View Full Version : Note to Joe Barton - open oil-sucking mouth, insert foot

17th June 10, 03:01 PM
Apology to BP's Hayward triggers uproar

By Steve Holland

WASHINGTON, June 17 (Reuters) - A Texas Republican apologized to BP CEO Tony Hayward on Thursday for having to set aside $20 billion for Gulf of Mexico damage claims, drawing ridicule from Democrats and embarrassing Republicans.

Representative Joe Barton, a major recipient of campaign contributions from the oil and gas industry, triggered an uproar with his lengthy apology to Hayward for being the victim of a White House "shakedown."

Barton's point, made at the start of a congressional hearing featuring Hayward's testimony, was that BP (BP.L) (BP.N) should pay for damage claims but should be allowed to follow the "due process and fairness" of the American legal system.

"I'm speaking totally for myself, I'm not speaking for the Republican party ... but I'm ashamed of what happened in the White House yesterday," Barton said.

He called it "a tragedy of the first proportion, that a private corporation can be subjected to what I would characterize as a shakedown, a $20 billion shakedown."

President Barack Obama on Wednesday pressured BP to set up a $20 billion compensation fund for the Gulf spill during a meeting at the White House.

As Republicans seek to pick up seats from majority Democrats in November's congressional elections, Barton's position is politically risky because Americans by and large blame BP for the devastating spill and want the huge company to pay for it.

His stance was bound to be unpopular in the Gulf region, where the spill is wreaking havoc on the economy -- fishermen are out of work and hotel and restaurants are losing in an area heavily dependent on tourism.

Barton gave hope to Democrats looking for any way possible to fend off expected big losses in November. They quickly pounced on Barton's remarks.

White House spokesman Robert Gibbs denounced Barton and called on members of both parties to repudiate his comments.

"What is shameful is that Joe Barton seems to have more concern for big corporations that caused this disaster than the fishermen, small business owners and communities whose lives have been devastated by the destruction," said Gibbs.

Ryan Rudominer, spokesman for the Democratic Congressional Campaign Committee, said: "The American people will hold House Republicans accountable for this shameful defense of BP, and for once again siding with Big Oil and gas interests."

Republicans on Capitol Hill were chagrined by Barton's statement and the leader of Republicans in the House of Representatives, John Boehner, distanced himself from Barton.

"BP agreed to fund the cost of this cleanup from the beginning and I'm glad they are being held accountable," Boehner said. Asked if he disagreed with Barton's remarks, Boehner said: "I do."

Barton stuck to his position. "I just think it is very un-American to have the president of the United States demand $20 billion and have a company agree without being able to exercise all its rights under our system of laws and precedents," he told Reuters.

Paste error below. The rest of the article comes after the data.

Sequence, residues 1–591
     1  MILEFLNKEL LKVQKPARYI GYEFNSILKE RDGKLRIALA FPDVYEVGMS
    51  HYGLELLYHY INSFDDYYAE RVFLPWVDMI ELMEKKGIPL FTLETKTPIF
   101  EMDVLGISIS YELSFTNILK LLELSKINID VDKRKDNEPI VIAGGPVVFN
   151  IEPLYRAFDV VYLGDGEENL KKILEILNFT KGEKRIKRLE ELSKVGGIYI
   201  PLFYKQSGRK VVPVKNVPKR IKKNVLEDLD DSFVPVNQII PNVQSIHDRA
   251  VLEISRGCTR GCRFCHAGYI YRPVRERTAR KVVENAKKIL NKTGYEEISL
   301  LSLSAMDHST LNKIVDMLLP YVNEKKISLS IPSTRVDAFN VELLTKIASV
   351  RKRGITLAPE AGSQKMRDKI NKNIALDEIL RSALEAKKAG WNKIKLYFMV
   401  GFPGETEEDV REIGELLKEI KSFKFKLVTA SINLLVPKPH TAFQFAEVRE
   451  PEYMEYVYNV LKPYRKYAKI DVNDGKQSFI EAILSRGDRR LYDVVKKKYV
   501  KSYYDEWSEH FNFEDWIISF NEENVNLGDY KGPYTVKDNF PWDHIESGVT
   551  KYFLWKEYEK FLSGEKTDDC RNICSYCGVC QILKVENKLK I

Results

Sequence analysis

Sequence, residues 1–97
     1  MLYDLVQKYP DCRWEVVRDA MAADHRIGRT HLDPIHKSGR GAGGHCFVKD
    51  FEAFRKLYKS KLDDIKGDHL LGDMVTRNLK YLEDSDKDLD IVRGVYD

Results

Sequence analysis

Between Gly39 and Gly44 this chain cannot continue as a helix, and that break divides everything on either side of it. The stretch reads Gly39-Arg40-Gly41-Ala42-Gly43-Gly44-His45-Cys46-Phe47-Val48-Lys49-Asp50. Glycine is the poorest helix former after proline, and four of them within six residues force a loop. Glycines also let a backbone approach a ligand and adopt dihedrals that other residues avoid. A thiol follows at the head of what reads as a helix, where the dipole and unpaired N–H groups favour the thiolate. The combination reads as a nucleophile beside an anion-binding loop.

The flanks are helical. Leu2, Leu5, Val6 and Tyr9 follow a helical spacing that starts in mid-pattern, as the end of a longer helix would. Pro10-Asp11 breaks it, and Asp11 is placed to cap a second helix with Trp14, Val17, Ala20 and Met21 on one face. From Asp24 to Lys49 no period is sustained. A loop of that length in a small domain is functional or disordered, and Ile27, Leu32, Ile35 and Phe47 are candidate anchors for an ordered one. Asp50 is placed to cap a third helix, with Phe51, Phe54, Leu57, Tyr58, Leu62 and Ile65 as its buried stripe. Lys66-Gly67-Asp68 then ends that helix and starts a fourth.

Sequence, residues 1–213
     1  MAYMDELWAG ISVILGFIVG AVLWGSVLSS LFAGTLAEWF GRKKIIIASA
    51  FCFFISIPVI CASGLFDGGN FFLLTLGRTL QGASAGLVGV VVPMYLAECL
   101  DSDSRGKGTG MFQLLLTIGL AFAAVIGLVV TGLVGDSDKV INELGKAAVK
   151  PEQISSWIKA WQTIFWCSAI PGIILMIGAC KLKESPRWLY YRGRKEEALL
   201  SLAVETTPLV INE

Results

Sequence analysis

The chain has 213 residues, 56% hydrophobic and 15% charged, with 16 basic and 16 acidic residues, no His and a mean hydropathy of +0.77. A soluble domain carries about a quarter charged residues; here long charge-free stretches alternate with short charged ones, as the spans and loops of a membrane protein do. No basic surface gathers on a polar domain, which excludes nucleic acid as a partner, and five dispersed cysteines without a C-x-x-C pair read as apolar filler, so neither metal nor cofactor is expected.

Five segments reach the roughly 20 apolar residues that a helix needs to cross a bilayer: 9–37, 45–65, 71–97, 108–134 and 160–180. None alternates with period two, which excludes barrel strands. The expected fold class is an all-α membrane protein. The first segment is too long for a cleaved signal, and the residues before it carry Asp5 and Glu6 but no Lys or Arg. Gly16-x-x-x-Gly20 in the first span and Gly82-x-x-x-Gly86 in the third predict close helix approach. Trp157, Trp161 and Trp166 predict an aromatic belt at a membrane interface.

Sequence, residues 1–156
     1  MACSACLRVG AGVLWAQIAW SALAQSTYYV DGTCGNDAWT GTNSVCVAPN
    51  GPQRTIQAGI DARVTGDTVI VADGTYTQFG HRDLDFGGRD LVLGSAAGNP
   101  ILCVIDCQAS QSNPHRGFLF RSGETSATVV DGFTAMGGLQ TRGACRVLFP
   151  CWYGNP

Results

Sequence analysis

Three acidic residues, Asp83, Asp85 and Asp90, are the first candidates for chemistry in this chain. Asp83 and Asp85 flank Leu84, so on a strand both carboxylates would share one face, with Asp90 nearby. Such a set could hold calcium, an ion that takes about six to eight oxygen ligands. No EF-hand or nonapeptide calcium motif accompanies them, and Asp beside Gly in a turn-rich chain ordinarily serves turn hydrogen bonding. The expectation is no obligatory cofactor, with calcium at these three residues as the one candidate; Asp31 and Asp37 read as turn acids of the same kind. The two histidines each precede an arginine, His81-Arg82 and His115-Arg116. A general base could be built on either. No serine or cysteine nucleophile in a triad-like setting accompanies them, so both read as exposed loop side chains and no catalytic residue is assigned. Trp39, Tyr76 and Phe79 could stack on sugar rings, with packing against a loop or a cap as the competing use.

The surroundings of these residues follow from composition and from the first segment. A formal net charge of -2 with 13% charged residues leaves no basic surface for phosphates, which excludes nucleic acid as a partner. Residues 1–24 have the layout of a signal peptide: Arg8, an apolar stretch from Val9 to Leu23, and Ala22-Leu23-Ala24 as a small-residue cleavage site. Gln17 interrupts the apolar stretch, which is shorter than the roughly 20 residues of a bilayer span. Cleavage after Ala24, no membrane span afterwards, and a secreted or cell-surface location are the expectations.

Barton is not alone among Republicans holding this view.

Georgia Republican Representative Tom Price, chairman of the Republican Study Committee, a group of conservative House members, issued a statement arguing the same point.

He said the White House does not have the legal authority to compel a private company to set up and fund an escrow account. The White House has dismissed such criticism.

Price said BP's willingness to go along with the White House's new fund suggests that the Obama administration is "hard at work exerting its brand of Chicago-style shakedown politics."

"These actions are emblematic of a politicization of our economy that has been borne out of this administration's drive for greater power and control," Price said.

And former Texas Republican Representative Dick Armey, who was House majority leader and is a leading voice in the conservative Tea Party movement, told a Christian Science Monitor breakfast this week that Obama lacks the constitutional authority to set up such a fund.

"The Constitution doesn't give that authority to the executive branch.... There are courts for this purpose," Armey said, according to the Dallas Morning News.

In addition, conservative Republican Representative Michele Bachmann of Minnesota was quoted as telling the Heritage Foundation think tank on Tuesday that the escrow account was a "redistribution-of-wealth fund."

Barton is the biggest recipient of oil and gas industry campaign contributions in the House of Representatives, according to the nonpartisan Center for Responsive Politics.

Its data showed that Barton has collected $1,447,880 from political action committees and individuals connected with the oil and gas industry since 1989.


Thank you, Republicans, for showing what dumb-asses most of you are. Why the hell shouldn't BP pay for everything that THEY CAUSED? Yes, let's instead let them go through the legal system and tie everything up in claims courts for the next 20 years. That's probably going to happen the way it is now anyway.

Hedley LaMarr
17th June 10, 03:56 PM
I really hope that these politicians are just angling for more donations from the oil industry.

I was watching the hearings earlier today while watching Hayward's testimony: if he isn't a citizen of the US, does the 5th Amendment apply to him? Does he have any rights? Can we take him to Guantanamo and use creative interrogation techniques on him?

18th June 10, 05:15 PM
BP will line up for bailout money at some point. Wait for it.